If you live in the Netherlands and earn income from freelance work or self-employment, it needs to be declared to the Dutch Tax Office (‘Belastingdienst’) in your annual income tax return.
When first starting a business in the Netherlands, the sole proprietorship (‘eenmanszaak’) structure is usually a favourable option. If the income is insignificant and you do not regard or present yourself as a business, you can declare it as ‘other income’, also referred to as freelance income. This is the simplified way of declaring such income in the Dutch Income Tax return and normally has no VAT consequence. When the income is more substantial and more permanent in nature, then a limited liability company (BV) may be a better business structure for you.
Since the majority of expat business owners in the Netherlands choose the ‘sole proprietorship’ structure to start, we offer the following overview of Dutch taxation as it applies to this business format.
The sole proprietorship is commonly associated with being a ZZP’er , but the two are not exactly the same. A ZZP (‘zelfstandige zonder personeel’) means you are self-employed with no staff, while a sole proprietorship can have employees.
To register a sole proprietorship business, you first make an appointment at a local office of the Chamber of Commerce (‘Kamer van Koophandel’).
The KvK will then inform the Belastingdienst of the registration and an account will be established for VAT (BTW) purposes.
Once the business is registered, you will need to submit a VAT return every quarter, accounting for your VAT on both the sales and purchase/expense side. Most businesses will have to charge the general rate of 21% for their services. Certain activities have a lower rate of 6% or could even be exempt from VAT. Business-related expenses get deducted from income (although some expense categories have restrictions). At the end of each fiscal year, an annual business statement needs to be drafted and inserted into your personal Dutch Income Tax return.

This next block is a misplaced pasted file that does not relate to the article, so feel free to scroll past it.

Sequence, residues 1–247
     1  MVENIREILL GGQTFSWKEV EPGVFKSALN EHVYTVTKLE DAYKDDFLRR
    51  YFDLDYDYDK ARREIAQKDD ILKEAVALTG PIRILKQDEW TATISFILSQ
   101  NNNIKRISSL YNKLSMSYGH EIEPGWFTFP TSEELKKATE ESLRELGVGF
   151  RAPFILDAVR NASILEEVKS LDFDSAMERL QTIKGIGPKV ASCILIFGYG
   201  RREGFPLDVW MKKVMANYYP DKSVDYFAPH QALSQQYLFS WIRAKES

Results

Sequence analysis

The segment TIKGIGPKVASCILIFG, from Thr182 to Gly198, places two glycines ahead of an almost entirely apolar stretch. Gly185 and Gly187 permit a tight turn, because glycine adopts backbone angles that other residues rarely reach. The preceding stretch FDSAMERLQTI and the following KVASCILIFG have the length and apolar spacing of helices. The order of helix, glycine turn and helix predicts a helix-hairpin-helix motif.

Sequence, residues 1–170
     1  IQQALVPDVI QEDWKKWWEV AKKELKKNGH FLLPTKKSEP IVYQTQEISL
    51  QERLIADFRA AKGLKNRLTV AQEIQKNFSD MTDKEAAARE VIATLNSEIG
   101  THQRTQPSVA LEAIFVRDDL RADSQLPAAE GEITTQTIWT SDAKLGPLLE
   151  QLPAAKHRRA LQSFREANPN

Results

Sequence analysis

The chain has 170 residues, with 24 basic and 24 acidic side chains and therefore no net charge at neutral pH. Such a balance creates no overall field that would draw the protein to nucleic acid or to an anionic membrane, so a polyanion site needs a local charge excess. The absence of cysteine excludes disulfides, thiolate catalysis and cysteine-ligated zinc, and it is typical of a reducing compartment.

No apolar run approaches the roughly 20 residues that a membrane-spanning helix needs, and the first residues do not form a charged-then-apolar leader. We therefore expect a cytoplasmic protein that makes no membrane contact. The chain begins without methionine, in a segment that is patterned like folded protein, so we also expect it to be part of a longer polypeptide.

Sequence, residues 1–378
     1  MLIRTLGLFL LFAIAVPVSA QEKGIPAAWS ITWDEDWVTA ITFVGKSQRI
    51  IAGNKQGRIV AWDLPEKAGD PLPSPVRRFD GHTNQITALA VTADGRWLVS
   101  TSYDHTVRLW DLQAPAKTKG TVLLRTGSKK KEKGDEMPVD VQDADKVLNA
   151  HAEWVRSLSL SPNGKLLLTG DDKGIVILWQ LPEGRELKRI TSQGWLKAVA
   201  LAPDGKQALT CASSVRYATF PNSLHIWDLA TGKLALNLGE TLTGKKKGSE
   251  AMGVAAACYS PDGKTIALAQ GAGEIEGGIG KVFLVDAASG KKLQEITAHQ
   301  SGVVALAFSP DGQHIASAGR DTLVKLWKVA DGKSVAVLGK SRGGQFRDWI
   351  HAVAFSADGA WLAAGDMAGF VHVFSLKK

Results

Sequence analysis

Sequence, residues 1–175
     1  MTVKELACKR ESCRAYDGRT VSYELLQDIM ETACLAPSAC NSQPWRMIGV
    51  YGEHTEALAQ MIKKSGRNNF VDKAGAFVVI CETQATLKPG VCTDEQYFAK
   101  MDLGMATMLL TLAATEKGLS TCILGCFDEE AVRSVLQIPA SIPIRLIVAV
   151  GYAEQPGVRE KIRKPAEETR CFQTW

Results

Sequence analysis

The sole proprietorship and the partnership business structures both have a number of facilities which reduce taxable income. Below is a summary of these allowable deductions.
Self-employed deduction (Zelfstandigenaftrek)
- You are entitled to the self-employed deduction if you meet the criterion of being an independent entrepreneur (i.e. independence of clients, continuity, entrepreneurial risk) and meet the hours criterion. The hours criterion means that you spend at least 1.225 hours on business related activities. The amount of the self-employed deduction is €7,280 (2018).
Start-up deduction (Startersaftrek)
- When you have started your business, you may be entitled to the start-up deduction. This is an additional amount on top of the self-employed deduction. For 2018 the start-up deduction amount is €2,123.
- To qualify for this deduction, the following conditions must be met:
– You are entitled to the self-employed deduction;
– In the previous 5 years you were not an entrepreneur for at least 1 year;
– In the previous 5 years you have not used the self-employed deduction more than twice;
- It is possible that the amount of the self-employed deduction and the start-up deduction together is higher than the profit. This will result in a loss, which is applied to other tax years with a positive income.
Small business profit exemption (MKB-winstvrijstelling)
After applying the above deductions, 14% of the remaining profit is tax exempt and therefore deducted from the taxable income.
Co-operating Partner Deduction (Meewerkaftrek)
There is another deductible item that can be claimed if your partner works along in the business. The following 3 conditions must be met:
- You are an entrepreneur;
- You meet the hours criterion;
- Your fiscal partner works 525 hours or more in the business or your partner receives a compensation of less than €5,000.
Depending on the number of hours your tax partner works, you may deduct a percentage from the profit. It is important to record your partner’s hours on business activities.
If you have any questions about starting up a business, please contact our office at +31 (0)174 244 725. We can inform you on tax matters related to starting up a business in the Netherlands as well as advising on your particular situation regarding Dutch taxes.